Is Ukip a party of bigots? Let's look at the evidence

Their manifesto might just look like a list of things that annoy people, but party members hold some views that should concern us, says Alex Andreou.

The danger with extremism is that, when filtered through eyes and minds of reasonable people, it appears ridiculous. The reasonable assumption is that others will view it through the same filter and find it equally ridiculous. But, while The Reasonable laugh, support for extremist views creeps up. Because what The Reasonable failed to notice is that fear and insecurity have a way of robbing others of reason.

Ukip’s manifesto is a collection of promises selected, seemingly, on the basis of “twenty things that really annoy people”, with no inkling of implementation method or any costings; a wish list for The Annoyed.

Scared of immigrants? Vote Ukip.

Insecure about the financial crisis? Vote Ukip.

Hate the smoking ban, HS2, Brussels, travellers, burqas, regulation, tax, Boris, debt, wind farms, quangos, foreign aid, crime, Abu Qatada, tuition fees, lazy people, Muslims, foreigners, the hunting ban? Vote Ukip.

The real danger of Ukip becoming a serious contender for coalition partnership in 2015 is gleefully ignored by the centre-left (because, after all, they are damaging the Tories) and dealt with by the centre-right by shifting closer to their extremes; by copying their policies and rhetoric. Everything from the EU referendum and citizenship tests (pdf) to Theresa May’s – and I’m not making this up – imbecilic tales of cat loving, illegal immigrants.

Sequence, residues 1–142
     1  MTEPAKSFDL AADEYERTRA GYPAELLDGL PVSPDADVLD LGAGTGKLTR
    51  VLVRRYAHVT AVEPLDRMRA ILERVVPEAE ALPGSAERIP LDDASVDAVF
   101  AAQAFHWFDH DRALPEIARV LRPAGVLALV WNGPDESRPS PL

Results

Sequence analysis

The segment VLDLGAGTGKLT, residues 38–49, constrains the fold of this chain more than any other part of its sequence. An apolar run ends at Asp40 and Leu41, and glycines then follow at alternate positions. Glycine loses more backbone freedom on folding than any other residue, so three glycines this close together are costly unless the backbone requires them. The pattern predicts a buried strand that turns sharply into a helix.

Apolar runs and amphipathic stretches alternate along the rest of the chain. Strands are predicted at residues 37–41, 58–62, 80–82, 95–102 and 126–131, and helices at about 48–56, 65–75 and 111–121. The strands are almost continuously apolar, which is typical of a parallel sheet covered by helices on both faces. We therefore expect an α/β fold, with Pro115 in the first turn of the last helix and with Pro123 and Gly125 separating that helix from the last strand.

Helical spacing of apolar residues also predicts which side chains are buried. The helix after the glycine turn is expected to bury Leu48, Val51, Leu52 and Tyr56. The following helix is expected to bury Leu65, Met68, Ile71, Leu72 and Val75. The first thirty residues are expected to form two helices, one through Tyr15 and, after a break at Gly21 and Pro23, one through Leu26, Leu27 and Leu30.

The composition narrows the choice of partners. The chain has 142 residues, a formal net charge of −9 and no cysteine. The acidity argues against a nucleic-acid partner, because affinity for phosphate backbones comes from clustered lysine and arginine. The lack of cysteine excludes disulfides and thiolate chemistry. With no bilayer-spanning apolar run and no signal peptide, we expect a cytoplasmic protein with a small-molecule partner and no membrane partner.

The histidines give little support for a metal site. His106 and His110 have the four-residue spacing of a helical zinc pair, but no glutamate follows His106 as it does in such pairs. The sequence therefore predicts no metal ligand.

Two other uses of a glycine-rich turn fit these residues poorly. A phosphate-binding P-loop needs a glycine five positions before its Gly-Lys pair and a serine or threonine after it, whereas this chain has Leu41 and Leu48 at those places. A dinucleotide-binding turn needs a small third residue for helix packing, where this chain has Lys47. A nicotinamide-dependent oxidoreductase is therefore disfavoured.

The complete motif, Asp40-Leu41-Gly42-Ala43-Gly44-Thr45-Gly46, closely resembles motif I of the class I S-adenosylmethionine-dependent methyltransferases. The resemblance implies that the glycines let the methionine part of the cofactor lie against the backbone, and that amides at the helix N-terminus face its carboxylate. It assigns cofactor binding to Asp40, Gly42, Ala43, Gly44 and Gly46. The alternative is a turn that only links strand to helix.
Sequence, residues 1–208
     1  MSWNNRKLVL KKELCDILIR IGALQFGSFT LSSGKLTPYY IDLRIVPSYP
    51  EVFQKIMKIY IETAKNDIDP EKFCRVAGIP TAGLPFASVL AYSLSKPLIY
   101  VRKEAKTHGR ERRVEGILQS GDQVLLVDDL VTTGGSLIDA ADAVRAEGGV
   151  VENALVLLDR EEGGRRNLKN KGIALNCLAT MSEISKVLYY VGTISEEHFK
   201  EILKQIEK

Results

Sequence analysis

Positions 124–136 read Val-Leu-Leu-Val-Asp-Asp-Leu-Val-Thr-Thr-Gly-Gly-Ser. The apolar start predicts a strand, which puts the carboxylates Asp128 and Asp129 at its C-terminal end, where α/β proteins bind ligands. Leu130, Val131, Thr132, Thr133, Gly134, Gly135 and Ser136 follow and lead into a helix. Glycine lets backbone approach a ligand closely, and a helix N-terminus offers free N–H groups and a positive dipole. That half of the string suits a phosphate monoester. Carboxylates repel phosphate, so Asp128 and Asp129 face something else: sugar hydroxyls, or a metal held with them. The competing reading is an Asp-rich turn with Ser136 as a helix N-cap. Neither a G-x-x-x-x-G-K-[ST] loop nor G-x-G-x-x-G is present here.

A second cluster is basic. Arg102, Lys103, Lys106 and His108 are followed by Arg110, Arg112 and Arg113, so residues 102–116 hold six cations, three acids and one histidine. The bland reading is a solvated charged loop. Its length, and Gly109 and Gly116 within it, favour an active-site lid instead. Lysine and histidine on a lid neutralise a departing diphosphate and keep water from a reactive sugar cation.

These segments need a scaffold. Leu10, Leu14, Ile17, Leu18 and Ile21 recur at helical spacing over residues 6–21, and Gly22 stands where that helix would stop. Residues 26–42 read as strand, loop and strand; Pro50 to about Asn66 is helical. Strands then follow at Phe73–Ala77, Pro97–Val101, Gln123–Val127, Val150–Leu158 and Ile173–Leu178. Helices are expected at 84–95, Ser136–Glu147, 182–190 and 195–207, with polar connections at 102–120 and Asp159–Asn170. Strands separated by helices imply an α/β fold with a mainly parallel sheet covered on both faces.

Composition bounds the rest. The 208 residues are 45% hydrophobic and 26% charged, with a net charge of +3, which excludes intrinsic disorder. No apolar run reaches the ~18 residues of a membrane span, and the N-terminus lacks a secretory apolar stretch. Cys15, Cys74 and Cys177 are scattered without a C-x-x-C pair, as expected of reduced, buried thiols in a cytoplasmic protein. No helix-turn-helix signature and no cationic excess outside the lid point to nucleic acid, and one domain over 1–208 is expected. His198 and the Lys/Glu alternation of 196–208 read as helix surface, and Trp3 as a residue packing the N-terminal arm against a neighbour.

In other words, not only is nobody challenging their vitriol, but they are being allowed to set the political agenda.

Meanwhile their oleaginous leader, whom the British media have taken to calling “charismatic”, is invited to appear on every news programme. This is, apparently, in order to provide balance on European matters – which is like inviting a creationist to give their view every time a story breaks about dinosaur fossils.

This man, who claims he stands alone in wanting to fight for Britain’s interests in the Evil EU, and who bemoans the amount of taxpayers' money going to the aforementioned Evil EU, boasts about having claimed up to £2m in expenses out of said taxpayers' money and presides over a party three of whose representatives have the worst attendance record of any British MEPs (who together already have the lowest attendance record of any national delegation). Presumably they are all fighting for Britain’s interests remotely from a BBC studio, somewhere.

Most important of all, we are asked to believe – and this is essential in making Ukip palatable to The Annoyed – that Ukip is not a party of bigots. That, it may walk like a duck and quack like a duck and be affiliated to other ducks all over Europe, but it is, in fact, a platypus. “I'd rather have a party of eccentrics than bland, ghastly people”, says Nigel Farage. Let us examine those eccentrics.

Links with European far-right parties

Ukip is part of the group Europe of Freedom and Democracy (EFD). The group includes representatives of the Danish People’s Party, the True Finns Party, the Dutch SGP and the infamous Italian Lega Nord – all of them far-right. Nigel Farage is co-President of the group along with Lega Nord’s Francesco Speroni, who described multiple murderer Anders Breivik as someone whose “ideas are in defence of western civilisation."

Mario Borghezio, another member of the group, declared in a radio interview that Breivik had some "excellent" ideas. Farage’s reaction was to write a strongly-worded letter to Borghezio, asking him to withdraw his comments or Ukip would pull out of the EFD. Borghezio not only did not apologise, but responded with an extraordinary speech in which he raged: "Long live the Whites of Europe, long live our identity, our ethnicity, our race… our blue sky, like the eyes of our women. Blue, in a people who want to stay white."